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to teach them in detail, we refer our readers to the excellent treatises on the different branches of science, and on the various faculties of the human mind, which are to be found in every language. The chapters that we have introduced upon these subjects, are intended merely as specimens of the manner in which we think young children should be taught. We have found from experience, that an early knowledge of the first principles of science may be given in conversation, and may be insensibly acquired

from the usual incidents of life: if this knowledge be carefully associated with the technical terms which common use may preserve in the memory, much of the difficulty of subsequent instruction may be avoided.

The sketches we have hazarded upon these subjects, may to some appear too slight, and to others too abstruse and tedious. To those who have explored the vast mines of human knowledge, small specimens appear trifling and contemptible, whilst the less accustomed eye is somewhat daz, zled and confused by the appearance even of a small collection: but to the most enlightened minds, new combinations may be suggested by a new arrangement of materials, and the curiosity and enthusiasm of the inexperienced may be awakened, and excited to accurate and laborious researches.

With respect to what is commonly called the education of the heart, we have endeavored to suggest the easiest means of inducing useful and agreeable habits, well regulated sympathy and benevolent affections. A witty writer says, Il est permis d'ennuyer en moralites d'ici jusqu' a Constantinople.Unwilling to avail ourselves of this permission, we have sedulously avoided declamation, and, wherever we have been obliged to repeat ancient maxims, and common truths, we have at least thought it becoming to present them in a new dress.

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On religion and politics we have been silent, because we have no ambition to gain partizans, or to make proselytes, and because we do not address ourselves exclusively to any sect or to any party. The scrutinizing eye of criticism, in looking over our table of contents, will also, probably, observe that there are no chapters on courage and chastity. To pretend to teach courage to Britons, would be as ridiculous as it is unnecessary; and, except amongst those who are exposed to the contagion of foreign manners, we may boast of the superior delicacy of our fair countrywomen; a delicacy acquired from domestic example, and confirmed by public approbation. Our opinions concerning the female character and understanding, have been fully detailed in a former publication ; * and, unwilling to fatigue by repetition, we have touched but slightly upon these subjects in our chapters on Temper, Female Accomplishments, Prudence, and Economy.

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We have warned our readers not to expect from us any new theory of education, but they need not apprehend that we have written without method, or that we have thrown before them a heap of desultory remarks and experiments, which lead to no general conclusions, and which tend to the establishment of no useful principles. We assure them that we have worked upon a regular plan, and where we have failed of executing our design, it has not been for want of labor or attention. Convinced that it is the duty and the interest of all who write, to enquire what others have said and thought upon the subject of which they treat, we have examined attentively the works of others, that we might collect whatever knowledge they contain, and that we might neither arrogate inventions which do not belong to us, nor weary the public by repetition. Some useful and ingenious essays may probably have escaped our notice; but we flatter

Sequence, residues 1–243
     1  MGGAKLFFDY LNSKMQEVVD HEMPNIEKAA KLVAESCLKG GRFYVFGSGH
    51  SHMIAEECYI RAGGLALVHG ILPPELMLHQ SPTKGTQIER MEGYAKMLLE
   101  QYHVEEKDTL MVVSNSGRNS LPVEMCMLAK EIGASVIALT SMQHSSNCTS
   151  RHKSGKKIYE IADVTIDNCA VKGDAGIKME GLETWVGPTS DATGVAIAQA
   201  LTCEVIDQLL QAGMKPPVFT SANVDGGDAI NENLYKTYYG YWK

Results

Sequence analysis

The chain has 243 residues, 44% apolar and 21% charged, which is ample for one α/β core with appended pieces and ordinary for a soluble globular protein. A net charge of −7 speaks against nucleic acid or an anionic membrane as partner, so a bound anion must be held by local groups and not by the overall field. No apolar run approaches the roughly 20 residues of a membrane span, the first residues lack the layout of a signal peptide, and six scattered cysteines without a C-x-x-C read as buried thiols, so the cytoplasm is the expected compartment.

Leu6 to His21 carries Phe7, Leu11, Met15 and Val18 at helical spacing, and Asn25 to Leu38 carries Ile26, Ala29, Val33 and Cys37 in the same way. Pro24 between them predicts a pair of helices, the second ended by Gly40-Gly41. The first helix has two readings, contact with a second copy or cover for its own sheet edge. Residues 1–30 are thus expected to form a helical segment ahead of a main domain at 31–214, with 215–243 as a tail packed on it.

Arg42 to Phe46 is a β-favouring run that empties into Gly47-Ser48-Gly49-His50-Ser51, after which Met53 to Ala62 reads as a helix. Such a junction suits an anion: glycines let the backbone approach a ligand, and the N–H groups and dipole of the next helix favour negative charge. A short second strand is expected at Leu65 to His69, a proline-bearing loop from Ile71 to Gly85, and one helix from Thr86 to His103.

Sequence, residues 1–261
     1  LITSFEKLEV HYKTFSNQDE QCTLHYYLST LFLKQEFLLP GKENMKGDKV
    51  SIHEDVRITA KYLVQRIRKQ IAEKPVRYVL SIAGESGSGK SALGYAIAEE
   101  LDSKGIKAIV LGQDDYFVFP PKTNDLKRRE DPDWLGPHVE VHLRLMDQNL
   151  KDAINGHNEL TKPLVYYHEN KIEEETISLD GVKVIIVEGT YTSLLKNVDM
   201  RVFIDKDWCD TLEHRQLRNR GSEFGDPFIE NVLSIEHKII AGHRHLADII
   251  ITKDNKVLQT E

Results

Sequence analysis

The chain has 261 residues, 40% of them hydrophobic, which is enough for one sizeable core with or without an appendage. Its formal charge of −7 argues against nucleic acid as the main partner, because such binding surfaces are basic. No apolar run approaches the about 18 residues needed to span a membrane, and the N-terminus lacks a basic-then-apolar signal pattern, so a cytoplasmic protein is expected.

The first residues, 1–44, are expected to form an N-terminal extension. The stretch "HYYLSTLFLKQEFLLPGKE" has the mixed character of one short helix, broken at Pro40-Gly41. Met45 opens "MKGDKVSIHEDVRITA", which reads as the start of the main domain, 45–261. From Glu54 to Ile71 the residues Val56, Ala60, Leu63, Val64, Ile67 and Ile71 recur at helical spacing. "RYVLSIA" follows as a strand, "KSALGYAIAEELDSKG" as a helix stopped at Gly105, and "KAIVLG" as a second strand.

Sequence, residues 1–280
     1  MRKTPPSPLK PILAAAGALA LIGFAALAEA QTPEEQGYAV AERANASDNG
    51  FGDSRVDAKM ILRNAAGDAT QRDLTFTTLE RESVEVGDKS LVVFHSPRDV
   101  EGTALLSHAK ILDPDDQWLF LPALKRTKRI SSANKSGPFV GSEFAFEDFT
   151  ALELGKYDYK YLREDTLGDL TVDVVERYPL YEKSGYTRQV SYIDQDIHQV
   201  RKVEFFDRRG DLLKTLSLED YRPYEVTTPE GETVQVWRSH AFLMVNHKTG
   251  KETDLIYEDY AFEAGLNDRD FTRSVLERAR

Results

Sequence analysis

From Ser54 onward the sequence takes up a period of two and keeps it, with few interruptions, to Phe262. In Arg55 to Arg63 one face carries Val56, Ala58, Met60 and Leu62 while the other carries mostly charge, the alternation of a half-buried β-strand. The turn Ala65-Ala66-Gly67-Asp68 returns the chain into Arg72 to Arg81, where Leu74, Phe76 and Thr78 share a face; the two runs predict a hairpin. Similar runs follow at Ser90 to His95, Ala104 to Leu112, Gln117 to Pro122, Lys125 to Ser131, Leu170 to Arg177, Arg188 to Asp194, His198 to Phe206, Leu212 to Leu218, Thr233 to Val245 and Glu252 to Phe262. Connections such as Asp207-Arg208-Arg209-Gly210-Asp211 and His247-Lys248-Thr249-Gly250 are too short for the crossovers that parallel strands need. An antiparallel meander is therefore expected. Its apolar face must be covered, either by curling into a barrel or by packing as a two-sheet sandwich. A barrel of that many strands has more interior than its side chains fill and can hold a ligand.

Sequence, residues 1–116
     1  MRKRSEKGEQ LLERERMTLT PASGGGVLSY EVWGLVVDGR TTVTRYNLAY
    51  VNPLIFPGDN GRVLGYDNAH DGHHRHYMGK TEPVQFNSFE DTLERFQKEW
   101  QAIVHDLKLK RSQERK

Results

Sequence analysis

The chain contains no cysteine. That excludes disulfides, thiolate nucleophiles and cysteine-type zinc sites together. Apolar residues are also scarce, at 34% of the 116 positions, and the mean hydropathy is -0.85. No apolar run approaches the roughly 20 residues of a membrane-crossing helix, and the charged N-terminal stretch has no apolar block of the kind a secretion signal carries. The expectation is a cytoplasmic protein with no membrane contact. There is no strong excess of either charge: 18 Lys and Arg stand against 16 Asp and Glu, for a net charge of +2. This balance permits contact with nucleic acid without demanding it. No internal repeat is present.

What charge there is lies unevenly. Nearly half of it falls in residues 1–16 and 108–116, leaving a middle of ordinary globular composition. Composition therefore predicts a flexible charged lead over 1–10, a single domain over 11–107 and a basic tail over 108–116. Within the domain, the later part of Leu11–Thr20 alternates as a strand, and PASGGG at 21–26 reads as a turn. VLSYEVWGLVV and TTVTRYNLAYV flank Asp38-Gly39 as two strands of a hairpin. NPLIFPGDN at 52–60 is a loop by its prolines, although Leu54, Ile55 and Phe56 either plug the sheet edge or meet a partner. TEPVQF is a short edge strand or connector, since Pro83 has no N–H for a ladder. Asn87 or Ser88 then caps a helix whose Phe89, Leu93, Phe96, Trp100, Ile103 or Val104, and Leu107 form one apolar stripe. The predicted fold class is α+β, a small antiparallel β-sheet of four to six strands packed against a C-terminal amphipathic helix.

ourselves, * Letters for Literary Ladies.

ourselves, that our readers will not find reason to accusé us of negligence, as we have perused with diligent attention every work upon education, that has obtained the sanction of time or of public approbation, and, though we have never. bound ourselves to the letter, we hope that we have been faithful the spirit, of their authors. Without incumbering ourselves with any part of their systems which has not been authorized by experience, we have steadily attempted immediately to apply to practice such of their ideas as we have thought useful; but whilst we have used the thoughts of others, we have been anxious to avoid mean plagiarism, and wherever we have borrowed, the debt has been careful, ly acknowledged.

The first hint of the chapter on Toys was received from Dr. Beddoes; the sketch of an introduction to chemistry for children was given to us by Mr. Lovell Edgeworth ;' and the rest of the work was resumed from a design formed and begun twenty years ago. When a book appears under the name of two authors, it is natural to enquire what share belongs to each of them. All that relates to the art of teaching to read in the chapter on Tasks, the chapters on Grammar and Classical Literature, Geography, Chronology, Arithmetic, Geometry, and Mechanics, were written by Mr. Edgeworth, and the rest of the book by Miss Edgeworth. She was encouraged and enabled to write upon this important subject, by having for many years before her eyes the conduct of a judicious mother in the education of a large family. The chapter on Obedience, was written from Mrs. Edgeworth's notes, and was exemplified by her successful practice in the management of her children; the whole manuscript was submitted to her judgment, and she revised parts of it in the last stage of a fatal disease.

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